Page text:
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14 May 2005
Gravel extraction threatens a Welsh valley rich in archaeology

An expert called for a halt on planned gravel extraction in a Welsh valley rich in archaeology. Professor Simon Haslett, from Bath Spa University College, said the range of finds he had unearthed told a previously unknown story of more than 7,000 years of human history in the Olway valley between Monmouth and Usk.
     In just a short excavation in a small trench, Prof Haslett found neolithic flint tools and the possible site of a major Roman road. However, the site has been earmarked for quarrying by Monmouthshire County Council on behalf of the Government. But Prof Haslett said there were too many unanswered questions and more had to be done to discover what other archaeological riches lie under the soil. "If we have to extract gravel from the flood plain then first of all it requires extensive archaeological surveying, " he said. "A lot of archaeology could be lost if gravel extraction went ahead and bulldozers came in and indiscriminately dug up the valley. Prof Haslett said he hoped local archaeologists would take up the baton and lead the way in discovering what finds were there and what story it could tell about the area. No one from Monmouthshire Council was available for comment.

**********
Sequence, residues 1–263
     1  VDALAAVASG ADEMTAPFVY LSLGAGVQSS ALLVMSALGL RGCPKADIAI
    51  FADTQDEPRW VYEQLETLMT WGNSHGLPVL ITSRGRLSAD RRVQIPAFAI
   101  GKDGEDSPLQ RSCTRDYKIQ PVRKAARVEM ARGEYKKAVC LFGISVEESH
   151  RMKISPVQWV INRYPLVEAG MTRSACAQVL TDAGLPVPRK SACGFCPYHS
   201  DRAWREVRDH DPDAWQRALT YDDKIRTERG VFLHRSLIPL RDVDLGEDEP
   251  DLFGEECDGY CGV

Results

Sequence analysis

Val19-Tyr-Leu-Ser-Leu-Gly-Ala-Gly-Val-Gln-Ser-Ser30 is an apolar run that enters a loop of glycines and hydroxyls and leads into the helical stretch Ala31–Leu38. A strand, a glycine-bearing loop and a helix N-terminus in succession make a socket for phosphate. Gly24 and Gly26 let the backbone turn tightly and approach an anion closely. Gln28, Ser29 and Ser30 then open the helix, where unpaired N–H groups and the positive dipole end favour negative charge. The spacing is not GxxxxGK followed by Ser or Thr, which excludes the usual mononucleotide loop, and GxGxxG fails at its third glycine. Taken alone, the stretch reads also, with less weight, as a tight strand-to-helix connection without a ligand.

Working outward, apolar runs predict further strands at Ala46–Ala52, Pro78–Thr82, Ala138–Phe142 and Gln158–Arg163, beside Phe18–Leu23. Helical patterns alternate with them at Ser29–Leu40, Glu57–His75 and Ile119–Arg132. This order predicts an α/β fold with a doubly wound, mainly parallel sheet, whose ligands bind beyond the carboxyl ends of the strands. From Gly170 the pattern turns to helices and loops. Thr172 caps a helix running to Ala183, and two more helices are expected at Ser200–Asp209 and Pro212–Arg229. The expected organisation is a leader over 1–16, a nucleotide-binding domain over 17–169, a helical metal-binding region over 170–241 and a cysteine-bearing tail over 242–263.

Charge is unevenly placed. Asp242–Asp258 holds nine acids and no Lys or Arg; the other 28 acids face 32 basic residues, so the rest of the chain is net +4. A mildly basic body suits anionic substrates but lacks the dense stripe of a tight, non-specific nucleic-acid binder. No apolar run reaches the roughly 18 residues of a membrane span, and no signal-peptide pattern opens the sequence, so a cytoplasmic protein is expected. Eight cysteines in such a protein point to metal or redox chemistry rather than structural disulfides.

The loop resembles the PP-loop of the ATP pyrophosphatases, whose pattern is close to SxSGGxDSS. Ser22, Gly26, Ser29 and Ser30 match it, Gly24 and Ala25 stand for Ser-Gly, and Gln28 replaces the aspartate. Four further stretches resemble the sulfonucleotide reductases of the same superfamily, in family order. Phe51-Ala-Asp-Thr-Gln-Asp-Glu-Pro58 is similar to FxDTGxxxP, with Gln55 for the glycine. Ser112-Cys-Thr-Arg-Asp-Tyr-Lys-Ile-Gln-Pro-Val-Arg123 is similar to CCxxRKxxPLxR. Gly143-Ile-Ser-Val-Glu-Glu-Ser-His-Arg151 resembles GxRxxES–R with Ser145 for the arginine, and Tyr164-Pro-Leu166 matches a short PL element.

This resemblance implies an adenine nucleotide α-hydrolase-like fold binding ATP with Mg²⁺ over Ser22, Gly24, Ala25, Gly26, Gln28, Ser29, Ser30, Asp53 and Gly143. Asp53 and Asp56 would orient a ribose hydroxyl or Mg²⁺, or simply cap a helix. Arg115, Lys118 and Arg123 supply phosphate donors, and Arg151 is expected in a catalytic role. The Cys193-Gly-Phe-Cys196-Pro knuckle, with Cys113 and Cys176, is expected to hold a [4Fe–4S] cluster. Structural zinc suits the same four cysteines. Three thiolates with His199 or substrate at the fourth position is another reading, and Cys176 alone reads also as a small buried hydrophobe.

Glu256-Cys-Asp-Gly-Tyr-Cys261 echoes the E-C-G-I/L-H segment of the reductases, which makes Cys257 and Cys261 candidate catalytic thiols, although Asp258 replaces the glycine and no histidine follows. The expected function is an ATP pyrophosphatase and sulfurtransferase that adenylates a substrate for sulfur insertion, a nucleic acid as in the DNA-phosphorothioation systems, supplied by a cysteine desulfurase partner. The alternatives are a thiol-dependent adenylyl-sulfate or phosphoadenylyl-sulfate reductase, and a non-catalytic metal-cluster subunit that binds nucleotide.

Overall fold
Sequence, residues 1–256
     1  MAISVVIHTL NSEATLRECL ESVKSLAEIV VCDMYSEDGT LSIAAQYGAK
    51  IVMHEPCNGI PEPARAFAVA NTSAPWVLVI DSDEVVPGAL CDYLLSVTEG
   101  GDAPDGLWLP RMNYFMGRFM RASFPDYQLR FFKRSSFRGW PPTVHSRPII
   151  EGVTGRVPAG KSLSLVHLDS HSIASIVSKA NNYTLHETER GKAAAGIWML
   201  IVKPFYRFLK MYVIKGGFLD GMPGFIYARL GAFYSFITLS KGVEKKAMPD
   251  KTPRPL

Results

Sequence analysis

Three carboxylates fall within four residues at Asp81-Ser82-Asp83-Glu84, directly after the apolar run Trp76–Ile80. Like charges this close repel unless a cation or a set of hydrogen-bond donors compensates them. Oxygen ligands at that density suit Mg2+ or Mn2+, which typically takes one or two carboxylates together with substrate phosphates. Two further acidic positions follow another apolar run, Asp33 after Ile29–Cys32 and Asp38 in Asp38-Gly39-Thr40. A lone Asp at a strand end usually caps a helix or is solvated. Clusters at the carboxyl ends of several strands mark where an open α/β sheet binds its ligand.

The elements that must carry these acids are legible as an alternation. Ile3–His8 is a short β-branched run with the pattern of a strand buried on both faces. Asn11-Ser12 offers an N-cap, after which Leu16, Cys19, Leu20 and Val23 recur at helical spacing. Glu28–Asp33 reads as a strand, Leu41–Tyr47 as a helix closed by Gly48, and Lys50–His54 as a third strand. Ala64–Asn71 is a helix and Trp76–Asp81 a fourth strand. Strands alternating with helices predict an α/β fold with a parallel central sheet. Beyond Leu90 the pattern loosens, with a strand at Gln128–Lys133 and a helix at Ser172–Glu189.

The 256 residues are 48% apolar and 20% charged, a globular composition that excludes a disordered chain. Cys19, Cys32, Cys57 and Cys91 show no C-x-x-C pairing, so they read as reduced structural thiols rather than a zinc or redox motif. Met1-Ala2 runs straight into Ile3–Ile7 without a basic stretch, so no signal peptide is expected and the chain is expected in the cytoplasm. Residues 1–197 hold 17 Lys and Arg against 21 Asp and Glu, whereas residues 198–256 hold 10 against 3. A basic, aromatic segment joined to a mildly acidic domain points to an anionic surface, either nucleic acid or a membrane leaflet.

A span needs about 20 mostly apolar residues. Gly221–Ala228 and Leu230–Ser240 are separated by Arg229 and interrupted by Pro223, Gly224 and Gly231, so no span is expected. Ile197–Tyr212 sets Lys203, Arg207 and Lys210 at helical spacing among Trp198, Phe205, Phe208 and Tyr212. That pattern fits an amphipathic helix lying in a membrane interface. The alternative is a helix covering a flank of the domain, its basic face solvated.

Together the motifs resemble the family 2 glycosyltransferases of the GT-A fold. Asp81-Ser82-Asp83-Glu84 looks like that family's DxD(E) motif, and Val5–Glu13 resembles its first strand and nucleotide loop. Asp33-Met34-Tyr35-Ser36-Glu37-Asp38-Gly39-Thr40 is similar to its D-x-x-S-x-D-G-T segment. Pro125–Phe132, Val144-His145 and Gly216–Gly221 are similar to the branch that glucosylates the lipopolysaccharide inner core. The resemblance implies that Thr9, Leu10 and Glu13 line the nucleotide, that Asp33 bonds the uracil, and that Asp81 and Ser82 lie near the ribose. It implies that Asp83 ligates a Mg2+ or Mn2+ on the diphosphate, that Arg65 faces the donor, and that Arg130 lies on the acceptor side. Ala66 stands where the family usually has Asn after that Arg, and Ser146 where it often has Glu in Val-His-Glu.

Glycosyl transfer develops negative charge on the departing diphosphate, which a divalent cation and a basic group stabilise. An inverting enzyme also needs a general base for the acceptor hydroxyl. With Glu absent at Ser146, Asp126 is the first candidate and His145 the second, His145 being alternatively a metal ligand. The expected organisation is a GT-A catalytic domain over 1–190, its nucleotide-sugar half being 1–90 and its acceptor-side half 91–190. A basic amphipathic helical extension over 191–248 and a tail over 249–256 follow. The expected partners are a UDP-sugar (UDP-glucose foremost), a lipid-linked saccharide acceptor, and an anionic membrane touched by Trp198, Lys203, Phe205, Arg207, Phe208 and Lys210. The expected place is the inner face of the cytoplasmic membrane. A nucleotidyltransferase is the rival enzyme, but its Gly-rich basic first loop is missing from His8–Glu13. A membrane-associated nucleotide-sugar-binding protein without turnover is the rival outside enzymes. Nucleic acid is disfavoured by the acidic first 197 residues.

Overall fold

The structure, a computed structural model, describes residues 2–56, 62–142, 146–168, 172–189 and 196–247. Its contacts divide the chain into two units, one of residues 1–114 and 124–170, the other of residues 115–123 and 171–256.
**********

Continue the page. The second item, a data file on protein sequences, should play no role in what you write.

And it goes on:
Recent research, particularly in the Somerset Levels, has led archaeologists to focus their attention to the lowlands, away from obvious sites like hill forts, he said. Prof Haslett, the university's head of geography, carried out the dig in 2002 but has only recently confirmed all his discoveries. His main focus was to look at the effect of the Ice Age on the river valley but said that as he dug deeper, the archaeology came up easily in steady layers from Victorian times through to the Stone Age.

Source: Western Daily Press (14 May 2005)

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